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Annie’s Legacy

The People

Anne with her dog Kelley

Historically, the Middle Patuxent River was home to Native Americans who farmed and hunted along its banks. During the Industrial Age, millers used the water to power a grist mill. Before slavery was abolished, sites along the river were part of the Underground Railroad.

In the 20th century, part of the riverbank adjacent to the mill became home to James and Anne Robinson. The Robinsons settled on the property not to farm, hunt, or use its power for industry but to enjoy its gurgling waters, the changing seasons in the forest, and the respite it provided from the bustling city of Baltimore.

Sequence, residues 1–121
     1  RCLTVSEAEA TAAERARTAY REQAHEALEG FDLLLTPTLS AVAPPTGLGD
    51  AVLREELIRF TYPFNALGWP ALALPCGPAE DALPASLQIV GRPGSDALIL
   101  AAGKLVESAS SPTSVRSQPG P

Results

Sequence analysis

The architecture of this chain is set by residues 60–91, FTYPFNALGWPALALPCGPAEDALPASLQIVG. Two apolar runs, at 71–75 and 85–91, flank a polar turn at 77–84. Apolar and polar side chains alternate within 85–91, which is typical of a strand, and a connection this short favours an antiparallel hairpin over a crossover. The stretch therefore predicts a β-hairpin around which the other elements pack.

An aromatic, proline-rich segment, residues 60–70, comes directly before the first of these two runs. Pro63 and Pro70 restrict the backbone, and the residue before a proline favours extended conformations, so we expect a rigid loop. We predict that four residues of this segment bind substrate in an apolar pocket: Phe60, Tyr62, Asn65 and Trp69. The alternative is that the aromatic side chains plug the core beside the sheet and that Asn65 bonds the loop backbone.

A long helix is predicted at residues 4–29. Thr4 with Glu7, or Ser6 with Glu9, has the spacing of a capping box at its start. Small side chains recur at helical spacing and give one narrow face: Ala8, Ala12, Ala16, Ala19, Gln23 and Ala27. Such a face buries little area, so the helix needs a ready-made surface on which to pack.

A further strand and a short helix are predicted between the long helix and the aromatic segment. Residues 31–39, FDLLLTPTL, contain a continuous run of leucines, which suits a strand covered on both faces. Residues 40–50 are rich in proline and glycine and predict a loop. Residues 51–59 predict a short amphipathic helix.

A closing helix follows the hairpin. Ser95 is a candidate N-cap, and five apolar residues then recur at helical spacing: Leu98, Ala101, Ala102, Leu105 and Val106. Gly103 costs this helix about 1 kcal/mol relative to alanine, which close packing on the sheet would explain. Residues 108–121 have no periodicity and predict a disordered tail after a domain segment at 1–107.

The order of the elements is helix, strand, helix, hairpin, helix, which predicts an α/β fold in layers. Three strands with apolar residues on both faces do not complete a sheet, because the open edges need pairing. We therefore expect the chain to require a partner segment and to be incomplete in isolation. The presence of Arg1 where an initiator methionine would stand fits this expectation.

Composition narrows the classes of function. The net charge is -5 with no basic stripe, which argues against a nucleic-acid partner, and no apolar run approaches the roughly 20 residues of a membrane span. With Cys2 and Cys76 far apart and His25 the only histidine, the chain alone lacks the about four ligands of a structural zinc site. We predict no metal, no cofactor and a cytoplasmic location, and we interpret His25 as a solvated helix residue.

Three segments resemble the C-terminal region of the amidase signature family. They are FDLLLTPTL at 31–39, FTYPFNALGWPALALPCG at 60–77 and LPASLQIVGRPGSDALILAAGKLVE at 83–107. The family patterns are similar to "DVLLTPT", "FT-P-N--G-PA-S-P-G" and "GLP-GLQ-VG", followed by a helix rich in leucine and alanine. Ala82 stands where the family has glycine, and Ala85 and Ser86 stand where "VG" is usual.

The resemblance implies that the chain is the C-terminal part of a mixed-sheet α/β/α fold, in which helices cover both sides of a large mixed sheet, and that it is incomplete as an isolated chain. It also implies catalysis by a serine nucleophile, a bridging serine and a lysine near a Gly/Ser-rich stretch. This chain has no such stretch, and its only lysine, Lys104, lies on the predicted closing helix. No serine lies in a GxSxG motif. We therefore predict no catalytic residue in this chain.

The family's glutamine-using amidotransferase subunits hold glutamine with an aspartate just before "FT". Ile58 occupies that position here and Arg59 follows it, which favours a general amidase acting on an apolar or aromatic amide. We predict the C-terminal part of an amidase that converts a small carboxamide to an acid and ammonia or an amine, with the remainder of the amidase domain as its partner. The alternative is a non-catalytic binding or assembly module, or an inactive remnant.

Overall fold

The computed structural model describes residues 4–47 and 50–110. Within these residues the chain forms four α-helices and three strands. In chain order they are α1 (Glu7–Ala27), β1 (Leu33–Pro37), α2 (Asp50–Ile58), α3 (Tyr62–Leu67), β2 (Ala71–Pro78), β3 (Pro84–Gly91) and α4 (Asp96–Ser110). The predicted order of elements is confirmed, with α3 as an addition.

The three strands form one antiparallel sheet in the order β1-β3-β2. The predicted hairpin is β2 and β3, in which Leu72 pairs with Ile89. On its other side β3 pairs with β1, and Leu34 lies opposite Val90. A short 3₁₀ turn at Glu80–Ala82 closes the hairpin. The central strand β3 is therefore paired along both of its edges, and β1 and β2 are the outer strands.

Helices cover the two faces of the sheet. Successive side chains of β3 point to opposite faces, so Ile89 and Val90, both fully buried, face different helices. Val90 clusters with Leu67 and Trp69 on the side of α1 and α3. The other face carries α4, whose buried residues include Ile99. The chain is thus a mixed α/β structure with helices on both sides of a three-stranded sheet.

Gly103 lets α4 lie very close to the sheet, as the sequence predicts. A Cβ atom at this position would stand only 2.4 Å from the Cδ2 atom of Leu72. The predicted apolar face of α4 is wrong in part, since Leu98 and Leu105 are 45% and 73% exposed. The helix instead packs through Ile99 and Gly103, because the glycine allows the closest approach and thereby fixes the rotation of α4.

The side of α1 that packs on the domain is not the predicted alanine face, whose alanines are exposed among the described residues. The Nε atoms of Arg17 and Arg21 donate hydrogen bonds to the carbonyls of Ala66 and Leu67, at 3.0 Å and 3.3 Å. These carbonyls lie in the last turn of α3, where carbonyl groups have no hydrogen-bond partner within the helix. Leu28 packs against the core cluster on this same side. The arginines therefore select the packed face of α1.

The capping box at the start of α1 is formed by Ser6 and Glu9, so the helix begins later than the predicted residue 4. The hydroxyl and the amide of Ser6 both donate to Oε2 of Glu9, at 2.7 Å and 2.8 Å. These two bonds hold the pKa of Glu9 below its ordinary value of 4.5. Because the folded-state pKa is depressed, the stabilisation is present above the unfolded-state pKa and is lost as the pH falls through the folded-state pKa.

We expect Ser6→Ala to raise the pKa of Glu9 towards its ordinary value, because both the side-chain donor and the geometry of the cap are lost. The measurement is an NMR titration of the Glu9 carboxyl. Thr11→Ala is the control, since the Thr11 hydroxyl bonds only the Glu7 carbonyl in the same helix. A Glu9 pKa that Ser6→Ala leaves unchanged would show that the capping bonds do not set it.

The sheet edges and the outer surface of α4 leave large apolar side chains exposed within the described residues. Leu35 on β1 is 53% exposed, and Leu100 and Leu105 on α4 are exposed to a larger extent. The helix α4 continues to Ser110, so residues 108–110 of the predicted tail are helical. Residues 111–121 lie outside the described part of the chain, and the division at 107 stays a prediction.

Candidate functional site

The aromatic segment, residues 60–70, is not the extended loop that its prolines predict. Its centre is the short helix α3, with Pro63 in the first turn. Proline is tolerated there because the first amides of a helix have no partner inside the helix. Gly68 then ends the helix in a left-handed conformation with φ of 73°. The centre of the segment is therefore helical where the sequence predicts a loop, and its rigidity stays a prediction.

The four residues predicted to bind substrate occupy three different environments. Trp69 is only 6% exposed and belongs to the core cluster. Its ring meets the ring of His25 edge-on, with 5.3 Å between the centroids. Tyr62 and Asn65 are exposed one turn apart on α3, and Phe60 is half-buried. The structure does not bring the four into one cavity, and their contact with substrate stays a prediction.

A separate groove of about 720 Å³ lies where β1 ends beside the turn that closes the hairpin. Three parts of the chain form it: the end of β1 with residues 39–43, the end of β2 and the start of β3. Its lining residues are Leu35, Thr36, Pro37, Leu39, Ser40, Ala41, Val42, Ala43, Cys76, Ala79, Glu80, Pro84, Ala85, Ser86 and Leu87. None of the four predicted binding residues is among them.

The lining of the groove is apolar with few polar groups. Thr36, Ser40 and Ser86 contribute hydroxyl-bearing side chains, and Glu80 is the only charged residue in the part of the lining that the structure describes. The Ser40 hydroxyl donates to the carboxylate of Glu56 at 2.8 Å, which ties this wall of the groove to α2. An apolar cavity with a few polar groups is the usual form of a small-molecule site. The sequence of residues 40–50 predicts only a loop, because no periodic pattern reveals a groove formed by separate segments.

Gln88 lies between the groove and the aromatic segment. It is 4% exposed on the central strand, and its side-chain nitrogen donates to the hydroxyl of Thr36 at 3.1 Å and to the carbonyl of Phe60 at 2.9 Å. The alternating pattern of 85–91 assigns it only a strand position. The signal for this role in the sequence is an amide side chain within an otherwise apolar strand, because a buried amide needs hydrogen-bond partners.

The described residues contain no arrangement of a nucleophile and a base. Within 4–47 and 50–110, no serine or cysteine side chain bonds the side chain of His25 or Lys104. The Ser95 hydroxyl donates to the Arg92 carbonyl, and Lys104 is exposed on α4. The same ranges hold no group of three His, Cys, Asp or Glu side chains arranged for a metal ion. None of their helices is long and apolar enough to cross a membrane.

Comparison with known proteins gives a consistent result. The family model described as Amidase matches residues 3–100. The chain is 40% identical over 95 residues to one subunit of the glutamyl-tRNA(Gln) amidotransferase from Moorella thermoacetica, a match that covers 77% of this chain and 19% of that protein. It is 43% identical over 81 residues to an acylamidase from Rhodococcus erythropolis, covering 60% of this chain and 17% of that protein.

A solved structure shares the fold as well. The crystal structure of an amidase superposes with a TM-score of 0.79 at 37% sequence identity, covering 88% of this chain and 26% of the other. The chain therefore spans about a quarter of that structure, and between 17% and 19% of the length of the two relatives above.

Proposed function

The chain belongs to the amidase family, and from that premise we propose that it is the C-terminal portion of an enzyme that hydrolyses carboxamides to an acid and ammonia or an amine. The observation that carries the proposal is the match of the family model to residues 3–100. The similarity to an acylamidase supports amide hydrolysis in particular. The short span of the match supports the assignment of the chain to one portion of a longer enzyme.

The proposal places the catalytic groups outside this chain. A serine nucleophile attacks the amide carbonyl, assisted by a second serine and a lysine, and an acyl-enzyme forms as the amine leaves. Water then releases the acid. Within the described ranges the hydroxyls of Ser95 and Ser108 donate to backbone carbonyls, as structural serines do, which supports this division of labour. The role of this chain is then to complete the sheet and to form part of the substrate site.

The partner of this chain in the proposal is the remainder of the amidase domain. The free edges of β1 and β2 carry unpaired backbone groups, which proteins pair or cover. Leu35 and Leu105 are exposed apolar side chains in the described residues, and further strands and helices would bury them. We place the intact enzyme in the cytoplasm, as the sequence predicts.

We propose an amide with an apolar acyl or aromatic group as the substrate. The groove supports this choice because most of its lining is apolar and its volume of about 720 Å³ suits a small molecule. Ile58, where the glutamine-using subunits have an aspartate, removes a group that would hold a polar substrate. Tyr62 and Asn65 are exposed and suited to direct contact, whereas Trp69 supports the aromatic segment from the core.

Although active in their community, James and Anne loved the solitude of their home on the river. Anne planted gardens, remnants of which are still visible in the spring. After James died and Anne continued to age, she realized the importance of maintaining their beautiful spot for future generations. Turning back lucrative offers from would-be developers, Anne was determined to see her land preserved and used for environmental education. To this end, she established the James and Anne Robinson Foundation (Robinson Foundation) to serve as its caretaker and, in conjunction with Howard County Department of Recreation and Parks, to build the Robinson Nature Center.